AffiliationOffice of Arid Lands Studies, University of Arizona
KeywordsEnvironmental protection -- Niger
Natural resources -- Niger
Niger -- Economic conditions
Niger -- Population -- Social aspects
MetadataShow full item record
DescriptionPrepared by the Arid Lands Information Center, Office of Arid Lands Studies, University of Arizona ; Mark Speece, compiler.
SponsorsNational Park Service Contract No. CX-0001-0-0003 with U.S. Man and the Biosphere Secretariat, Department of State, Washington, D.C.
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Effects of sprayed humic acid, iron, and zinc on quantitative and qualitative characteristics of niger plant ( Guizotia abyssinica L.)Tadayyon, Ali; Beheshti, Sedigheh; Pessarakli, Mohammad; Univ Arizona, Coll Agr & Life Sci; Agronomy Department, Faculty of Agriculture, Shahrekord University, Shahrekord, Iran; Agronomy Department, Faculty of Agriculture, Shahrekord University, Shahrekord, Iran; College of Agric. & Life Sciences, The University of Arizona, Tucson, Arizona, USA (Taylor & Francis, 2017-01-25)In order to investigate the effect of foliar application of organic fertilizer and micronutrients on quantitative and qualitative characteristics of Niger plant, a field experiment was conducted in a complete randomized block design with three replications at Shahrekord University Research Farm during the years 2013-2014. Treatments included three levels of humic acid (1, 3, and 6 liters of humic acid per hectare), iron (4 parts per million, ppm), zinc (4 parts per million, ppm) and control (without humic acid iron, and zinc). In this experiment, traits of the number of heads per plant, seeds number per head, 1000 seeds' weight, grain yield, and also oil and protein content were evaluated. The findings showed that foliar application of humic acid, zinc and iron resulted in a significant increase in all analyzed traits. The most significant plant response was obtained with the use of 6 liters humic acid per hectare, and the second most significant plant response was seen with the sprayed zinc treatment which was probably due to limited absorption and deficiency of these elements in the tested soil.
L’INFLUENCE DU COLONIALISME SUR LES BIBLIOTHÈQUES EN AFRIQUE FRANCOPHONE: LE CAS DU SÉNÉGAL ET DU NIGERTaoua, Phyllis; Cummings, Jennifer Rene (The University of Arizona., 2018)This thesis seeks to analyze the influence of colonialism on libraries in francophone Africa through an examination of Senegal and Niger as representative cases. In the case of Senegal, we focused on precolonial Wolof history and colonial history of Dakar’s role as administrative center of the AOF. This role created strong ties between Senegal and France, which continued with President Léopold Sédar Senghor and his policies on French language use. Before colonization, a strong oral tradition of griots existed in Senegal, and the Wolof language had a written code, though this was seldom used. A representative library for Senegal is IFAN, which was created under French colonialism. We also consider EBAD, the library training program in Senegal, and its ties to French tradition. For Niger’s precolonial history, we focused on the Hausa and the influence of colonialism on their identity. Niger played a less central role in the AOF, and thus retained less French influence. We also found that Niger’s oral history was less structured than Senegal’s, and that written codes in Nigerien languages were used more frequently. Niger’s representative library CELHTO, an oral history archive, presents a strong contrast to IFAN as an organization that centers African knowledge systems. We concluded that a stronger tie with the colonizer leads to more “Western” libraries such as IFAN whereas a weaker tie to the colonizer leaves room for more “African” libraries such as CELHTO, although it’s clear that an equilibrium exists between Western and African influence among libraries in francophone Africa.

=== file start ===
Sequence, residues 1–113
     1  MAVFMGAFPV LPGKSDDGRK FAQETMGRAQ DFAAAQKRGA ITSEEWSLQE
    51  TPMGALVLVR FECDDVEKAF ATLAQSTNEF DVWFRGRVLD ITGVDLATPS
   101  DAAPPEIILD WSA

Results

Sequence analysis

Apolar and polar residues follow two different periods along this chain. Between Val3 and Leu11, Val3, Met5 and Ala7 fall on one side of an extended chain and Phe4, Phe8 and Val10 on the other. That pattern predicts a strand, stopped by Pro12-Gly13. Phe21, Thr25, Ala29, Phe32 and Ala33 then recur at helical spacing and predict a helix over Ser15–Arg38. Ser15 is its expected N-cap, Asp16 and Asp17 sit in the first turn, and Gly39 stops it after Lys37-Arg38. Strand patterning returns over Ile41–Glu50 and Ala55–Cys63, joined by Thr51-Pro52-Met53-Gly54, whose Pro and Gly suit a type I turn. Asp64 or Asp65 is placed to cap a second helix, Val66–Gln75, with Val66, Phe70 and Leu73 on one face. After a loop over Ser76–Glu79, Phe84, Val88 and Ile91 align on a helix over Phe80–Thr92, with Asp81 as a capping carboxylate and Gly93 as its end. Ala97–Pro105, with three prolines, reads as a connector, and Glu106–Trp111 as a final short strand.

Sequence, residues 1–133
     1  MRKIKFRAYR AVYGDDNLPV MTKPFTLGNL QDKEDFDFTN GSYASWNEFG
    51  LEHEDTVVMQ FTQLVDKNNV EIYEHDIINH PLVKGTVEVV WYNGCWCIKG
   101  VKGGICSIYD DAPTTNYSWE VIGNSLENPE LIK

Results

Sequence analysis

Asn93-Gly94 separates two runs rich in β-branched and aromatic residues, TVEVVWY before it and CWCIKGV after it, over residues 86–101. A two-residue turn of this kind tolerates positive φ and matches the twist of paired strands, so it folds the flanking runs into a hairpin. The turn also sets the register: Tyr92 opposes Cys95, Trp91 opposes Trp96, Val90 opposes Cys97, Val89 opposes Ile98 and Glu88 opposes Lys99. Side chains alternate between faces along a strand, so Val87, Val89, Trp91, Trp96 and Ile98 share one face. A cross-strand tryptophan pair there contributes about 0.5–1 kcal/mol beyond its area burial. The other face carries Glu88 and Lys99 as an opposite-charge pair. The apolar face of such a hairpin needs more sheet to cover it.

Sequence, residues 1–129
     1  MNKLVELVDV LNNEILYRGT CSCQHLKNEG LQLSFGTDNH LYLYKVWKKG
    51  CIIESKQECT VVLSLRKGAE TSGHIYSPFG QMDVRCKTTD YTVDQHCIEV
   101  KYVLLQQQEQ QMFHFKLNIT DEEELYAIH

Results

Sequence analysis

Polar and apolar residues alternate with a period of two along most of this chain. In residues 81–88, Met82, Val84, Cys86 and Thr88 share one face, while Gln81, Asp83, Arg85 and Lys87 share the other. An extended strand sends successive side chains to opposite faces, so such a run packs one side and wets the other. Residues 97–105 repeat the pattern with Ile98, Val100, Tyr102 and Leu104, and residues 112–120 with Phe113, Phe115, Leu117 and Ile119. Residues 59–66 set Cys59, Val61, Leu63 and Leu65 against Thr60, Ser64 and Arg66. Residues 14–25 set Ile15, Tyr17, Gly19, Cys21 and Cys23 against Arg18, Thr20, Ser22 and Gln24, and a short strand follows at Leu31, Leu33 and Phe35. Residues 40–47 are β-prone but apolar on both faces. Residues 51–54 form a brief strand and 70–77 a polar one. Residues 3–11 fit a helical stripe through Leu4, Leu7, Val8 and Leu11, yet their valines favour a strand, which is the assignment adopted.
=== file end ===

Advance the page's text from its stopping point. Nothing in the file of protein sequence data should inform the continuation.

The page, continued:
The bush is sweet: Identity and desire among the WoDaaBe in NigerPark, Thomas K.; Loftsdóttir, Kristín, 1968- (The University of Arizona., 2000)The dissertation focuses on the WoDaaBe Fulani in Niger, seeking to understand identity in a global context, analyzing streams of power and desire that have characterized the life of the WoDaaBe. The first part of the dissertation discusses expressions of WoDaaBe identities and desires in the contemporary world, as well as identifying the present situation of the WoDaaBe as one of great marginality. The WoDaaBe ethnic identity is created through processes of exclusion and inclusion within social and natural environments. The WoDaaBe perceive themselves as both separated from and a part of nature, depending on the context in which their identification is placed. They maintain strong boundaries from other ethnic groups in Niger, through specific visual markers of identity and by identifying WoDaaBe-ness as attached to certain moral qualifies that are combined with various social practices. The ideas of herding and control of one's feelings and desires remain key symbols in WoDaaBe social and ethnic identity. Many young WoDaaBe work in cities because they lack animals for basic subsistence in the bush, thus negotiating their identity in these new circumstances. The second part of the dissertation traces the history of WoDaaBe involvement in an interconnected world, showing that WoDaaBe have been connected to State and global processes for a long time. Various factors have led to an expansion of cultivated land, pushing herding communities further north and reducing available grazing land. While the WoDaaBe are becoming increasingly marginalized within the national economy of Niger, they have become popular in the West as symbols of the "native." Similarities can be observed between the dominant development ideology's conception of the typical herder and of the popular imagination of the WoDaaBe, characterizing them as unproductive, traditional and simple. The WoDaaBe representation is placed in a broad historical context of images of the Other, demonstrating that the encounters between WoDaaBe and Westerners take place within fields of unequal power relations.